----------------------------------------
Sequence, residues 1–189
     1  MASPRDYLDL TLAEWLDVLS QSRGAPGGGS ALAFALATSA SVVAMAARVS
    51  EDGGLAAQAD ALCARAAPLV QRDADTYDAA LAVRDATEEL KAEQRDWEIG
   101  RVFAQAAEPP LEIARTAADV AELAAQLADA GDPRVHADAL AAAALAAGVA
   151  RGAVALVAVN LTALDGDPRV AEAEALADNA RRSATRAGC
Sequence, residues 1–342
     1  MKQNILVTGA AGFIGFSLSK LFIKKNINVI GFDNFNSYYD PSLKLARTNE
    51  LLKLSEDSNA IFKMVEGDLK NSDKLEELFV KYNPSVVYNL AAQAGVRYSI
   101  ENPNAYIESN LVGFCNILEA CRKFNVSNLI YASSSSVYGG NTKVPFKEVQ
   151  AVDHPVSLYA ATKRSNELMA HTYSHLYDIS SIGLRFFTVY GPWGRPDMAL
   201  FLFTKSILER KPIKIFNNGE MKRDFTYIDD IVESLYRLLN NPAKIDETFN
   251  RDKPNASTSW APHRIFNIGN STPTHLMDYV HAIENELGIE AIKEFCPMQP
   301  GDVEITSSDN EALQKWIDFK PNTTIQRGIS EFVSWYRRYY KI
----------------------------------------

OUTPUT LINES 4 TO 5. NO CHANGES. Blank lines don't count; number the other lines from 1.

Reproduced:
   101  RVFAQAAEPP LEIARTAADV AELAAQLADA GDPRVHADAL AAAALAAGVA
   151  RGAVALVAVN LTALDGDPRV AEAEALADNA RRSATRAGC